08 Jun 2017

Down and Dirty on Clean Air


This is part 1 of a 3-part series.

With Noble’s scalp hanging in EPA’s trophy case, the agency turned its sights on North Dakota Bakken shale producers.  For a variety of political motives that state had a bullseye on its chest.  North Dakota had risen from the backwaters of oil producing states to second behind only Texas.  The absence of infrastructure in the state and the pell mell rush to develop resulted in a rise in flaring of the natural gas that accompanies most crude oil production.

A brief explanation – flaring of gas is necessary when pipelines and gas plants have yet to be built.  Typically the quantities of gas flared are relatively small, and must be disposed of in some fashion as the crude is produced.  Oil producers do not vent the gas, as it is illegal, but flaring or incinerating the gas produces negligible emissions.  Once pipelines are built and gas plants are functioning, most oil companies lay natural gas gathering lines to the well as part of initial construction so that when it is completed the gas immediately is piped to the plant and then sold.   These are “green” completions as all gas is captured.

Flaring was decried by the anti-oil crowd and deceptive satellite photos were published claiming the flaring in the state was as bright at night as New York City.  Those photos were later proven to be faked.  Despite the handwringing and apoplexy, North Dakota’s air remained compliant with national air quality standards.  The state department of health worked closely with industry to ensure  compliance and an evolving set of regulations that were/are strict but not punitive.

The full-scale assault on North Dakota’s oil producers began innocently enough.  EPA sent an information request to a small privately held producer – we’ll call it Company S.  The company operated on the Three Affiliated Tribes reservation so it was subject to primary jurisdiction of the EPA.  The discussions were cordial at the outset, then took an ugly turn when EPA revealed that it had infrared camera images of Company S facilities leaking methane.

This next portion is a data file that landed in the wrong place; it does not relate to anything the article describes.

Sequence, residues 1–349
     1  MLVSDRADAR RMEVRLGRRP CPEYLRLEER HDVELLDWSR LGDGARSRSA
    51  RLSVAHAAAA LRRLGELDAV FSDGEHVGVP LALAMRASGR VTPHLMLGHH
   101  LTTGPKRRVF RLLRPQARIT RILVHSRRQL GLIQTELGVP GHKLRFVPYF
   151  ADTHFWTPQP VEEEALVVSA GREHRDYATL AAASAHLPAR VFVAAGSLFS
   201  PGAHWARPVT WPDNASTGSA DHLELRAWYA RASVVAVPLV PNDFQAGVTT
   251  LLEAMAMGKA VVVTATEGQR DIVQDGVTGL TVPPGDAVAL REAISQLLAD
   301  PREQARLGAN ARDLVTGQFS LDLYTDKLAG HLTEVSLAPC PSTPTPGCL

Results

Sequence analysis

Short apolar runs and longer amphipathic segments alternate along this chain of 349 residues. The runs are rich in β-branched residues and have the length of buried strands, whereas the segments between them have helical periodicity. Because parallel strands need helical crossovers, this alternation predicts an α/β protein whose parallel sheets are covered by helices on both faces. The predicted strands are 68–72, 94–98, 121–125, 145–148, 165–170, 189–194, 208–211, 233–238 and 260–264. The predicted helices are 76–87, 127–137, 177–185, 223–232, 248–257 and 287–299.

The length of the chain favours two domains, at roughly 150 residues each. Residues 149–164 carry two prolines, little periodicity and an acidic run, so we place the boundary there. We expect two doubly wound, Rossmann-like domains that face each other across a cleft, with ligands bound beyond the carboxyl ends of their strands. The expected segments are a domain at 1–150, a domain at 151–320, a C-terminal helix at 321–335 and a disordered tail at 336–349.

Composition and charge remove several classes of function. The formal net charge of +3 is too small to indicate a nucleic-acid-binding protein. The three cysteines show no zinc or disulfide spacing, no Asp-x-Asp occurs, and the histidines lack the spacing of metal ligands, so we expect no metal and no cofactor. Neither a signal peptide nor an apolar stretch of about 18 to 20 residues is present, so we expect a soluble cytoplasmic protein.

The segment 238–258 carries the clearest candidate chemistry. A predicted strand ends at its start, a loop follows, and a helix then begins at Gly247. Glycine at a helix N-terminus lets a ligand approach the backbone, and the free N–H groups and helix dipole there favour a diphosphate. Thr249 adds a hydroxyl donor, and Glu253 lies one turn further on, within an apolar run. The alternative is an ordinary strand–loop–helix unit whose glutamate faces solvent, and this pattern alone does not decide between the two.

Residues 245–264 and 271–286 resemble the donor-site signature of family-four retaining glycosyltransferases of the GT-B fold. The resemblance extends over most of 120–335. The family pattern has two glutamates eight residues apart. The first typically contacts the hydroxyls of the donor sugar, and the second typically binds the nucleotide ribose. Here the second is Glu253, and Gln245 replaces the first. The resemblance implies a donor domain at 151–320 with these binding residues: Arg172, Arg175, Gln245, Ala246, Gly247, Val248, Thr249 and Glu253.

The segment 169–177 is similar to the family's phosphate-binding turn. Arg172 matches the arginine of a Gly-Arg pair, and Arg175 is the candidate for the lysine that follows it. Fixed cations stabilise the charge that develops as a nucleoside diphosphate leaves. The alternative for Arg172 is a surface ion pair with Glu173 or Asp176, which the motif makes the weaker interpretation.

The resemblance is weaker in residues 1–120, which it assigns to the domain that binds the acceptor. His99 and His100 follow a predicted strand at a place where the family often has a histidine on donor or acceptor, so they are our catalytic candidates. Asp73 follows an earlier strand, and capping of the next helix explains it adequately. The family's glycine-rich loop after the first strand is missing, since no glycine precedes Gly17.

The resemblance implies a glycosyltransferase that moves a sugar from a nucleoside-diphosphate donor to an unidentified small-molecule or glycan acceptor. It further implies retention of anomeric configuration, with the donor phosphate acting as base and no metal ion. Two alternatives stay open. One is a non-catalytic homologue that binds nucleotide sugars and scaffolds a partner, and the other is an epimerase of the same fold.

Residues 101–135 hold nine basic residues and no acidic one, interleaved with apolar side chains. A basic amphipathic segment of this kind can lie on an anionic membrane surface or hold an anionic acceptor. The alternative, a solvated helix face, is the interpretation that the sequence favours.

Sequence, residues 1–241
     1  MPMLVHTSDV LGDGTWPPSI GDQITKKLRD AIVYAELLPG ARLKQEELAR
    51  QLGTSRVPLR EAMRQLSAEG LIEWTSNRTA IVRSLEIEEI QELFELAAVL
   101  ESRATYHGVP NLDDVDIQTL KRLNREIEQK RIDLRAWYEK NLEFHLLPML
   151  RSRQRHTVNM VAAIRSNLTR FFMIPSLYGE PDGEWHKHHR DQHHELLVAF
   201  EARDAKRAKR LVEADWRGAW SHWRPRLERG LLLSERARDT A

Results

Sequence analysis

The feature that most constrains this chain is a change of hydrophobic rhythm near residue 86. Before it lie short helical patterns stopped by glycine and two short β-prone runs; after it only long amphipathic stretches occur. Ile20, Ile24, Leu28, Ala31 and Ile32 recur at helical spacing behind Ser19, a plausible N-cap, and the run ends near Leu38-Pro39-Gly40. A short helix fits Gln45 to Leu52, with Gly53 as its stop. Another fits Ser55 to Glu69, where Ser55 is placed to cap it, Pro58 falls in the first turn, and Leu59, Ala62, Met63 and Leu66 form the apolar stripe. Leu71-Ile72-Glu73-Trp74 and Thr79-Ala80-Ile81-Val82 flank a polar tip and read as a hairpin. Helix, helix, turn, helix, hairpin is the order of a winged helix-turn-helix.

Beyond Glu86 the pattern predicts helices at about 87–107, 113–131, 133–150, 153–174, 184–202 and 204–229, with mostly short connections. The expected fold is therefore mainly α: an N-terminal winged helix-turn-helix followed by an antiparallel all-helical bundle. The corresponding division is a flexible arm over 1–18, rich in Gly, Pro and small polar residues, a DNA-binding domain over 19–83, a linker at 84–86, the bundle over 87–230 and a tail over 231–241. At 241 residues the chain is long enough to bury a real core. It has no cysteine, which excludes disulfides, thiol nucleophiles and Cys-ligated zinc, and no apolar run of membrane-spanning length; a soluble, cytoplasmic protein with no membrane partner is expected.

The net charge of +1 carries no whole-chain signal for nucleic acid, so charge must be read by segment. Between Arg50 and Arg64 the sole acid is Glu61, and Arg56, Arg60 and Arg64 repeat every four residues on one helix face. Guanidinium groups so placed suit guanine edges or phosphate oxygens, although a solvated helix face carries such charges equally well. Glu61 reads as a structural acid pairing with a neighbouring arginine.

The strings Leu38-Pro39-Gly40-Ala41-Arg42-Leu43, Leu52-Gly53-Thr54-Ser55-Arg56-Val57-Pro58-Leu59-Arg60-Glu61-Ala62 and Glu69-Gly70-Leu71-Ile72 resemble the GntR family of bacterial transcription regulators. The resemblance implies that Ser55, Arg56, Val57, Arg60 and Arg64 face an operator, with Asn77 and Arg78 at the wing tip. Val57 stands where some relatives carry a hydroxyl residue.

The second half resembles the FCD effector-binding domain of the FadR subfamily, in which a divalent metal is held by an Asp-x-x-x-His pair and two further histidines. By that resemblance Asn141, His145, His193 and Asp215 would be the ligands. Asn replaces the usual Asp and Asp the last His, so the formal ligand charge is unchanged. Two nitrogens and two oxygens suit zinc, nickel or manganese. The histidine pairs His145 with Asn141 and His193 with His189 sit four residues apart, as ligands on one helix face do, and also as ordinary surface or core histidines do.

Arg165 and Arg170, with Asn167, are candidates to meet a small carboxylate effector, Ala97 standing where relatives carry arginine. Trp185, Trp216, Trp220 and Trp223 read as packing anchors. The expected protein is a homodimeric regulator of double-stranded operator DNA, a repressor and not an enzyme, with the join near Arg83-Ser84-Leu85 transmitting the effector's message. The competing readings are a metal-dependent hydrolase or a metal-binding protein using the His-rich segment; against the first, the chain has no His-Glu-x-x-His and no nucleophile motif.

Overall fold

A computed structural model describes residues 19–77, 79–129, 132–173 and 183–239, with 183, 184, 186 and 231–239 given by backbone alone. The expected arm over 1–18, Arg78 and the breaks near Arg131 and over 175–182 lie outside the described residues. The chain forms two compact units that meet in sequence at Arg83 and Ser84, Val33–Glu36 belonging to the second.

FLIR cameras provide two dimensional thermal imaging, but most importantly cannot provide quantities of methane “leakage” from oil and gas storage facilities.  But as a basis for its claims against oil and gas producers, EPA claimed a formula – the Pickard formula – could determine quantities.  Thus, these formulaic derivative “violations’ were the basis for EPA penalties against Company S of plus or minus $75 million.  Of course, if the company agreed to negotiate with EPA, that amount could be substantially reduced.  With the EPA backed by a battery of Department of Justice attorneys aligned against it, Company S agreed to negotiate.

About that time, EPA approached the North Dakota Department of Public Health to gain its cooperation in what would be an emissions data information gathering process on the state’s oil and gas facilities.  It requested the state enter into a confidentiality agreement so that findings could be discussed freely prior to making them public.  The state agreed, seeing little downside to doing so.

EPA then turned its sights on a leading producer in the state, Company W.  The company had acquired another smaller public entity, Company K.  And when it did so, it requested the EPA allow a self-audit.  Up to this point, such audits had been routine as they allowed the acquirer latitude to examine facilities in depth, report flaws to the EPA without penalty, and provide a remediation plan.

Company W requested a self-audit, and received no response.  It asked again one month later, still silence.  Six months after the acquisition, Company W again asked.  The following day the request was denied and was immediately followed by a request for information on all facilities – essentially an identical request to that received by Company S.

The EPA had turned its FLIR cameras on Company W facilities, and by applying its Pickard formula, found the company to be a gross emitter.  It too was invited in to hear the EPA offer, which was to negotiate or face a lawsuit.  It is critical to note that the facilities of both Company S and W were state-of-the-art, relatively new and met prevailing industry standards.  They were not outliers, nor shortcutted in any way, other than one tank battery on acreage acquired by Company W had a single design flaw needing remediation, but was not a critical emitter.

Company W met with EPA and the Department of Justice attorneys and was told it could negotiate to fines and remediation on a level levied against Noble, about $75 million or so.  If it chose to not acquiesce, it would be sued by the federal government for penalties back to day one of the facilities construction.  A TOTAL OF $2.8 BILLION!!!  WHEN THE ATTORNEYS STATED  THAT AMOUNT, THEY LAUGHED OUT LOUD.

Up next: The fight is on…

3 Responses to Down and Dirty on Clean Air
  1. […] To read Part 1 of this series, please click here. […]

  2. […] This is part 2 of a 3-part series. Part 1 can be found here. […]

  3. […] his is part 2 of a 3-part series. Part 1 can be found here. […]


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